Please join us for this month’s educational meeting featuring the screening of two films.
Reel Bad Arabs: How Hollywood Vilifies a People (50 minutes)
This groundbreaking documentary dissects a slanderous aspect of cinematic history that has run virtually unchallenged from the earliest days of silent film to today's biggest Hollywood blockbusters. Featuring acclaimed author Dr. Jack Shaheen, the film explores a long line of degrading images of Arabs –– from Bedouin bandits and submissive maidens to sinister sheikhs and gun-wielding "terrorists" –– along the way offering insights into the origin of these stereotypical images, their development at key points in U.S. history, and why they matter so much today. Dr. Shaheen shows how the persistence of these images over time has served to desensitize and “naturalize” prejudicial attitudes toward Arabs and Arab culture.
Shaheen inspires critical thinking about the consequences of these Hollywood caricatures, and he challenges viewers to recognize the urgent need for counter-narratives that do justice to the diversity and humanity of Arab people and the reality and richness of Arab history and culture. He reveals that a number of these films have been made with the cooperation of the Department of Defense. (The recent Hollywood film “Zero Dark Thirty” is a prime example of the use of theatrical films to further instill fictitious official narratives into the minds of the American public.)
Most of us in modern America understand that stereotypes are morally wrong and simply not truthful, but stereotypes take a long time to wither away. Often we find them comfortable, and we resist adjusting our perceptions of a people who have been maligned. We (and Hollywood) have, nonetheless, corrected our stereotype of Jews, Afro-Americans, and Native Americans, among others.
Our hats are off to Dr. Jack Shaheen who continues this consciousness-raising American tradition. In the last segment of this documentary Shaheen talks about several recent films that begin to break down the stereotypes. He ends with an expression of hope in young, creative filmmakers who are moving beyond the stereotypical and bigoted depictions from Hollywood.
... A skillfully articulated and illustrated explanation of how Hollywood and the mass media stereotypes 1.6 billion Muslims by depicting them as Arab terrorists. The documentary earns a 9.6 on a scale of 10 for meeting or exceeding multicultural educational standards in terms of expressing social conditions, engaging dialogue, self-reflection, transformational education, and the mechanics of cinematography, pacing, sound, music, and editing.
- International Journal of Multicultural Education
Washington and Hollywood spring from the same DNA. Jack Valenti, Former President and CEO of Motion Picture Association of America
Attack of the Drones
The U.S. military’s increasing dependency on drones –– also known as “Unmanned Aerial Vehicles” (UAVs) –– to continue its so-called “war on terror” in Afghanistan, Iraq, Yemen, Pakistan, Libya, Syria, and other places is turning controversial as evidenced by the international reaction to the ongoing drone missile strikes in those countries.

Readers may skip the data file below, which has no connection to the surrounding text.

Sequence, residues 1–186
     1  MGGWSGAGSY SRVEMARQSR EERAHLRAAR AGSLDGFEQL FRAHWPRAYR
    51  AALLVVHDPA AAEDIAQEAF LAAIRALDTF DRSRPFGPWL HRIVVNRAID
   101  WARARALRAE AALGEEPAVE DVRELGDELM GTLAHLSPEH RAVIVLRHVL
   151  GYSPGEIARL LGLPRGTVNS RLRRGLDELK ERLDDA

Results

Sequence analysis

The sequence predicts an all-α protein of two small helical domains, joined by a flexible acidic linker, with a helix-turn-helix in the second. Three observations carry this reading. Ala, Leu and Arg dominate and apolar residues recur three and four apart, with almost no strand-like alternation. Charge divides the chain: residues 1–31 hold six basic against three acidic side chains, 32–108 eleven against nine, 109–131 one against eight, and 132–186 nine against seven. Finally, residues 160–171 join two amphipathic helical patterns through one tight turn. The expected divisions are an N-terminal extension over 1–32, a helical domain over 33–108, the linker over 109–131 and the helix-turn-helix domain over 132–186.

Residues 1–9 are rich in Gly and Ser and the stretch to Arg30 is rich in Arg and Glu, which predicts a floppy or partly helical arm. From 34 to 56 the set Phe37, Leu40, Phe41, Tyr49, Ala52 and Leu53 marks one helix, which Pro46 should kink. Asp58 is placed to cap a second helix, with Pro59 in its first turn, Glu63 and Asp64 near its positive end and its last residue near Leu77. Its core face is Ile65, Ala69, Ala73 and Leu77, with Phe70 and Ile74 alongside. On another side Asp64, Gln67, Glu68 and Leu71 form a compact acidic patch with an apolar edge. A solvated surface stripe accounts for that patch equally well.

However, President Obama’s administration is undeterred, favoring the technology because it reduces the need for American troops in those countries and the risk of politically unpalatable U.S. casualties.
But the use of aerial drones is giving rise to concerns that these attacks are becoming just a big computer game, in which "desk pilots" sitting at computer consoles in air-conditioned rooms (located on military bases within the U.S.) far from the battlefield can easily kill so-called “enemy combatants” and then go home to their families, remote from the human consequences of their actions and spared the anguish of knowing he or she personally was responsible for civilian casualties, many of whom are children and women.
Also controversial is the use of these drone strikes to assassinate suspected “terrorists” and individuals on Obama’s kill list –– without charges or trial –– including U.S. citizens, as well as the traumatic psychological effects on the civilians living under these drones, which are flying constantly overhead at all times of day and night.
Forty countries are believed to be working on drones. Development trends include law enforcement, spy drones that can see through walls, drones that can operate in a swarm, and drones to be used in building construction. In Zurich, Switzerland, scientists have been developing small flying robots that work as a team at an impressive speed to lift heavy concrete blocks into place on a complex tower structure – a process that would otherwise necessitate scaffolding and dozens of human workers.
This technology gives rise to worrisome questions about invasion of privacy – and not merely because of the actions of government. With private companies in the U.S. and Europe now developing cheap aerial drones that can be controlled with the kind of software used in smart phones, pilotless aircraft just a couple of feet across may soon be commercially available for a few hundred dollars. Imagine, then, the images that a paparazzi photographer could obtain with a camera drone able to fly over high walls or hover outside windows set atop a multistory building.
This film, from Dutch filmmakers Vincent Verweij, Fred Sengers and KRO, looks at the development and use of these extraordinary machines and asks where their use might lead.
When: Saturday, March 23, 9:30 – 11:30 AM
Where: Beans About Beans, 759 Horizon Drive (located by Enzo’s Pizza, across from Grand Vista Hotel), Grand Junction, CO (Map)
Program: Details can be seen at http://www.meetup.com/GrandJunctionInfoCinema/events/107889572